Tips and Tricks for First Year Law Students
By: Janaan Hashim, Esq.
The thought of being a law student is both exhilarating and daunting at the same time. Exhilarating for the prospect of what you’ll become as a legal thinker and daunting knowing what you’ll have to do to earn your Juris Doctor degree and be admitted to the bar in order to practice law.
To make things a bit easier, we’ve gathered a number of tips that we hope 1Ls (what we call first year law students) will find useful. The below comes from talking to current students, recent grads, and listening to lawyers reminiscing about law school over a power lunch or at the water cooler. We hope you find these helpful.
Discipline and Studying:
- Stay on top of your reading from your Day 1 assignment onward. FYI, the Day 1 assignment is given before your first class. Welcome to law school…and yes, it is more than 100 pages of reading.
- Outline your notes at the end of each day if you can, each weekend at the latest. You’ll thank me the week before exams when your classmates are freaking out at how long it’s taking them to outline the whole semester’s worth of material while you’re reviewing and studying the material.
- At Week 7, make sure you’re caught up on your outlines. If not, get caught up. And if you think you’ll get caught up on your outlines over Thanksgiving break, think again. This time would be best used to begin studying for your exams, not for getting caught up.
- Three weeks before exams, begin reviewing the material that you learned from Day 1. While it will have seemed eons ago since that class, you will also see that you’ve covered a ton of material and it’s not all in your head. Also, as you review, refine your outline. This will help you fit the pieces together as the course begins to conclude and, more importantly, it will help you understand the material for exam day.
- Study buddies: for some it works, for others it doesn’t. If you use them, don’t get lazy in learning the material your buddy will cover. Make sure you understand that material as well.
- Other people’s outlines and commercial outlines. These are useful to complement your own outline and/or to understand how the pieces fit, but don’t use them to replace your own outline. Creating your outline is how you learn the material and how it becomes a part of your fabric.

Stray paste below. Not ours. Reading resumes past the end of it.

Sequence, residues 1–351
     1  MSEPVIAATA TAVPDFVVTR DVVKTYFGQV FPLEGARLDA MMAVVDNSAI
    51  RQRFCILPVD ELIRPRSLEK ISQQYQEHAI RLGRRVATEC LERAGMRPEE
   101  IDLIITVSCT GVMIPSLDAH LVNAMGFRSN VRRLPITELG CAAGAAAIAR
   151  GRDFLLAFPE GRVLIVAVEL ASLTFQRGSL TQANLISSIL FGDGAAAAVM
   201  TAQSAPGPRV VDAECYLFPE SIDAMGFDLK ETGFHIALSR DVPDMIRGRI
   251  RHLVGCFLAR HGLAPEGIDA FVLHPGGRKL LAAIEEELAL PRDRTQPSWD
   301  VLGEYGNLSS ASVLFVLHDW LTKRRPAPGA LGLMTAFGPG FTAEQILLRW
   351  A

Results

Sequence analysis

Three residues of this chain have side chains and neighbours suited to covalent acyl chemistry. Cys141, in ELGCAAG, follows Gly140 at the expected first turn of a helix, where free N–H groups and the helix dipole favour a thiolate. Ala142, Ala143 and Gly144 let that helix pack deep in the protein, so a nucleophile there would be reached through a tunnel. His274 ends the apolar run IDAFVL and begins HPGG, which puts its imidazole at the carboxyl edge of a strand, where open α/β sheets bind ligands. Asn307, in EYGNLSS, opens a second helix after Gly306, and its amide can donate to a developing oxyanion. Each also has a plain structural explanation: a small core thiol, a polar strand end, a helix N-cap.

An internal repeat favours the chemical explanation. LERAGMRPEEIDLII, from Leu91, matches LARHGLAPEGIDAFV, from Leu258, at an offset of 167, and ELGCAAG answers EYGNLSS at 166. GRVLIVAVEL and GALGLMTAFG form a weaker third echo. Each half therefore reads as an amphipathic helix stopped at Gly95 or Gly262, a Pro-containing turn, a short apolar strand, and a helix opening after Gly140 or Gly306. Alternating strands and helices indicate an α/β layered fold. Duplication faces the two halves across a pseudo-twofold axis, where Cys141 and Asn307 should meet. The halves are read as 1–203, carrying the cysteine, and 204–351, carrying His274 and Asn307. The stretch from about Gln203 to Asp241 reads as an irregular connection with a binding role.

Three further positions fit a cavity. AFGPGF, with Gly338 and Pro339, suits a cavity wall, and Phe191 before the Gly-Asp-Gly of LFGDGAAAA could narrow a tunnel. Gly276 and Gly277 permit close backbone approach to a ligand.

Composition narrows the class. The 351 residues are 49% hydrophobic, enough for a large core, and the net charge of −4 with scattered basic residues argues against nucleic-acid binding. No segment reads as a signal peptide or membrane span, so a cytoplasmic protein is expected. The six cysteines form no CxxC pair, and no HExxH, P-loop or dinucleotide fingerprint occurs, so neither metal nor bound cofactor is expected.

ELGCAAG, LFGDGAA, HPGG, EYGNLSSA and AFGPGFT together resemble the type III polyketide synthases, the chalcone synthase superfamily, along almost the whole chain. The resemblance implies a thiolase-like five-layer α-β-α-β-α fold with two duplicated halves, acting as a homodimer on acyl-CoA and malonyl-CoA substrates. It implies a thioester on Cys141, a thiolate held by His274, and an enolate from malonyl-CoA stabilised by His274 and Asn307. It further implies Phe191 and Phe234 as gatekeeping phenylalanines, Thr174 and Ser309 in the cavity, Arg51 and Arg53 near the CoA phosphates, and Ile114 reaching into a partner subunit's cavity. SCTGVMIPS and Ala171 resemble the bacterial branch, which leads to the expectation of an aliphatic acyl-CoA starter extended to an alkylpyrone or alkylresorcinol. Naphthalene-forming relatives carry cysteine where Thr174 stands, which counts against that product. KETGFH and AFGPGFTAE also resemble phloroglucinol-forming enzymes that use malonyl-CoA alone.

- As you review and study the material, turn every stone. If you cannot connect the dots, keep trying to figure it out. If you don’t, chances are this will be an issue you didn’t spot on your exam and your grade will risk dropping.
- Don’t be afraid to look words up in the dictionary, as this habit will only help you all the better in understanding the cases you’re reading. I recall in torts there was a case from the 1600s where the court was trying to determine the boundaries of assault. The defendant was quoted as saying, “If it were not for assize time, I would strike thee know.” Did I take the time to look up what the heck assize meant? Of course not. Was it a key part of the prof’s lecture? Of course it was.
- Exams are a crapshoot just like the practice of law itself. You’ll come out thinking you got an A and you get a B+ or B. You come out thinking you failed your first exam in your life and you get an A. Don’t fret, when exam season is over, look ahead not behind.
The Socratic Method:
We all fear being “socratized” but law schools use it for good reason. Here are a few suggestions on how to navigate these waters.
- Swallow your pride, face your fear and be the one to raise your hand in class. Interaction with the prof and the ability to block out those around you will prepare you for the court setting and dealing with arrogant opposing counsel. It also prepares you to think with agility. The sooner you do this, the easier it will get.
- Analyze with the prof, think things through, try to push yourself intellectually, and if there has to be a gap of silence as you think things through, that’s ok. Just stay in the zone, hear what the prof is asking and think out your answer.
- If the prof sticks with you and keeps going deeper and deeper in his/her analysis, consider this a pat on the back, not the prof picking on you. The prof is exercising and building your analytical and oral skills and is doing this with you because he/she knows you can handle it.
- Don’t get snarky with the prof, they have what you don’t: a law degree and successful career. Humility and respect will take you farther than arrogance and aloofness.
There’s no shortcut to hard work. Law school is meant to be hard and your learning curve will be steep. When you try to cut corners, you only hurt yourself. Set up a study plan and adjust it as needed, but remember that if you slack off, you’ll regret it in December.
Lastly, all of this studying is for one goal beyond graduating, it’s passing the bar. Learn the legal theories and black letter law now so that it’ll be a review later on.